New Study Finds 3-4 Meter Sea Level Rise From Antarctica May be Imminent

4 10 2014


Ocean stratification. A condition characterized by the separation of layers of water of different temperatures and chemical make-up. A condition that has serious impacts to the geophysical nature of the worlds oceans, to the ability of oceans to support life, and to the stability of the vast glaciers of Antarctica — whose faces plunge as deep as hundreds of feet into the Southern Ocean.

In the Antarctic, today, what we see is a cold surface layer and a heating bottom layer. The cold surface layer is fed by an expanding pulse of chill, fresh water issuing from the melting glaciers of Antarctica. Over the years it has become more uniform, sequestering cold near the surface as warmth builds up in the depths below. The deeper hot layer is fed by warmer water issuing in from the tropics and heated to temperatures not seen for tens of thousands of years. This…

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7 responses

4 10 2014
Dave Kimble

The final link to says:
The top range of a 3 foot sea level rise for this century under IPCC modeling is likely, given current realities, to instead be a low estimate. A more realistic range, given a greatly reduced true glacial inertia, is probably 3-9 feet through 2100 with higher outside potentials during large glacial outburst flood events.

So this all relies on IPCC predictions of CO2-e in 2100, which are totally wrong given that Peak Fossils is upon us now. The actual CO2 levels will be much LOWER.

Then 3 feet of turns into “probably 3-9 feet” – why? Where’s the modelling?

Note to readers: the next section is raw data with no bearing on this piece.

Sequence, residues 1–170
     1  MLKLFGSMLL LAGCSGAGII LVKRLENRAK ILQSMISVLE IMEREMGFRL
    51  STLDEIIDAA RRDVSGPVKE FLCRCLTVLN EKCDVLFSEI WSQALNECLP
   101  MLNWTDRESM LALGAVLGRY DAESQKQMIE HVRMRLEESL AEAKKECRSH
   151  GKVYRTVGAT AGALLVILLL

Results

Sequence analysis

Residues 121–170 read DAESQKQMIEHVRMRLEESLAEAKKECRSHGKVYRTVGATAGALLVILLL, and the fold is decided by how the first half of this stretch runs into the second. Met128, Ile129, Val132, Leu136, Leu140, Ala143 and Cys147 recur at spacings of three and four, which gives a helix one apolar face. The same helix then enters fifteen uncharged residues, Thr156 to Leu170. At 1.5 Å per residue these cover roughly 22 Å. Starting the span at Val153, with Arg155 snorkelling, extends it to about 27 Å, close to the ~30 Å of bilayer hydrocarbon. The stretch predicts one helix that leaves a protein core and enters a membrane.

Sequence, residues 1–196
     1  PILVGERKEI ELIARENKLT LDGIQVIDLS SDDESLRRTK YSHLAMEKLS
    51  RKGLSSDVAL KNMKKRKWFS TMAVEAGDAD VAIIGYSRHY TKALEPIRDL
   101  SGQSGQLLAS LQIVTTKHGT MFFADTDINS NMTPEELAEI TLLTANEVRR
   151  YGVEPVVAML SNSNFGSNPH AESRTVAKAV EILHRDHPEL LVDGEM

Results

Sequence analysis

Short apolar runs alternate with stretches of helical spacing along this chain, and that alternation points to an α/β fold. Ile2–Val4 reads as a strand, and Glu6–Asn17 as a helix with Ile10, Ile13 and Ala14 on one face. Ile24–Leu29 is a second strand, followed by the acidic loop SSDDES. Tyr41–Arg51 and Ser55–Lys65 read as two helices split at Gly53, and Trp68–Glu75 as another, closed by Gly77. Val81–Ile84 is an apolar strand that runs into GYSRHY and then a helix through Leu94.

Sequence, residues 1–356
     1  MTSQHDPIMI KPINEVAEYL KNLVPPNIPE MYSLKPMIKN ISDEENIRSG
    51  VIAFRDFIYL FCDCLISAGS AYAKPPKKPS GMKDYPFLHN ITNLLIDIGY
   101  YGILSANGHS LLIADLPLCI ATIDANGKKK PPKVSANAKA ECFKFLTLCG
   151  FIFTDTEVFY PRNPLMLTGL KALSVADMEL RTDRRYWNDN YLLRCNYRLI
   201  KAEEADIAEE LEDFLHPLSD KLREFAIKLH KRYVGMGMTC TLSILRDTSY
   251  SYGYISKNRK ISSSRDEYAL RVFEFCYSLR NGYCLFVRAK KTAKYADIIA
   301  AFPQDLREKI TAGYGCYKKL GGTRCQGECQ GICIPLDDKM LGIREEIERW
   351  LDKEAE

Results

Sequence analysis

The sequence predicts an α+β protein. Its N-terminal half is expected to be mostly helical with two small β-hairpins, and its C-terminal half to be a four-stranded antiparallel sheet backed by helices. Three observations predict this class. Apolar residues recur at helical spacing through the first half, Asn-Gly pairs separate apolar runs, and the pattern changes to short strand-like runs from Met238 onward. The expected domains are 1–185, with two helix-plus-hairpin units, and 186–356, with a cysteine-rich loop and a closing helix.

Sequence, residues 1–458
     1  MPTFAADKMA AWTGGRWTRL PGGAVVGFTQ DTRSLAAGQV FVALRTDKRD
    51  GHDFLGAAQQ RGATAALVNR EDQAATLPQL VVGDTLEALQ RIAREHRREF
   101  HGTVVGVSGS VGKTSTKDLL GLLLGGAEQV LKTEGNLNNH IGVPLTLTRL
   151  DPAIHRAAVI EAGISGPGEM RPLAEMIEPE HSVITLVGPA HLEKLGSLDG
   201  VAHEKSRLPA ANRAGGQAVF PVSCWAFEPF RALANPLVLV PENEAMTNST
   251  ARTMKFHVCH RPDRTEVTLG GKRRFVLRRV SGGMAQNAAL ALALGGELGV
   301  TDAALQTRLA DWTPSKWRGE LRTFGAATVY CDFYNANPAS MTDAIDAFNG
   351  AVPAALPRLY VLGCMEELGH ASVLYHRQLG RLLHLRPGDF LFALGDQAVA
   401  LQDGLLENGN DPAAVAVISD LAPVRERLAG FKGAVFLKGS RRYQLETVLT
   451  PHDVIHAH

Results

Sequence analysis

Then 9 feet turns into 14+ feet – why?

Then “by 2100” turns into “imminent” – why?

Why? – because it’s more SCARY when you tell the story that way, and you get more web hits and become famous.

4 10 2014

WHY? Because we have already fired the clathrate gun, and even if we stopped burning fossil fuels now, the 40 year time lag between the emissions and their resulting temperature rises will ensure that all the arctic ice disappears with the resulting albedo losses causing runaway temperature rises.

4 10 2014
Dave Kimble

That article doesn’t mention clathrates, and is not based on having done any modelling. You mention clathrates. Have you done any modelling based on that? Even the lowest IPCC scenario, RCP2.6, forecasts fossil fuel emissions that are still far too high for the realities of Peak Fossils.

Don’t you believe in Peak Fossils? – I thought you did.

4 10 2014

You know very well I believe in peak fossils….. but you continue to ignore the fact we have ALREADY done more than enough harm with past emissions to ensure we would sail past 2C even if we stopped fossil fuels tomorrow.

We are only now feeling the results of emissions we generated in the 1970’s, and already, as far as I’m concerned, the weather patterns are going haywire….

4 10 2014
Dave Kimble

RCP2.6 was chosen because that gives +2°C in 2050, so if emissions under RCP2.6 are too high for Peak Fossils (and they are) then we are heading for less than +2°C. We are also heading for a Peak Fossils collapse of industrial civilisation starting in 2008, which is much more worrying.

4 10 2014

again sheer garbage, sad to say we have all these bright people wasting time propping up myths, if the seas did rise(but won’t) some land would be lost, the creatures in the sea would have more area to play in so more water could not mean less ocean natural production

5 10 2014

I’m guessing you voted Liberal last election Bev?

Try telling Pacific island nations that sea levels aren’t rising…

And I’m not sure what you mean by “ocean natural production” (that’s very capitalistic terminology), but put simply (in ecological terms), more water does not necessarily equal greater biodiversity nor abundance…

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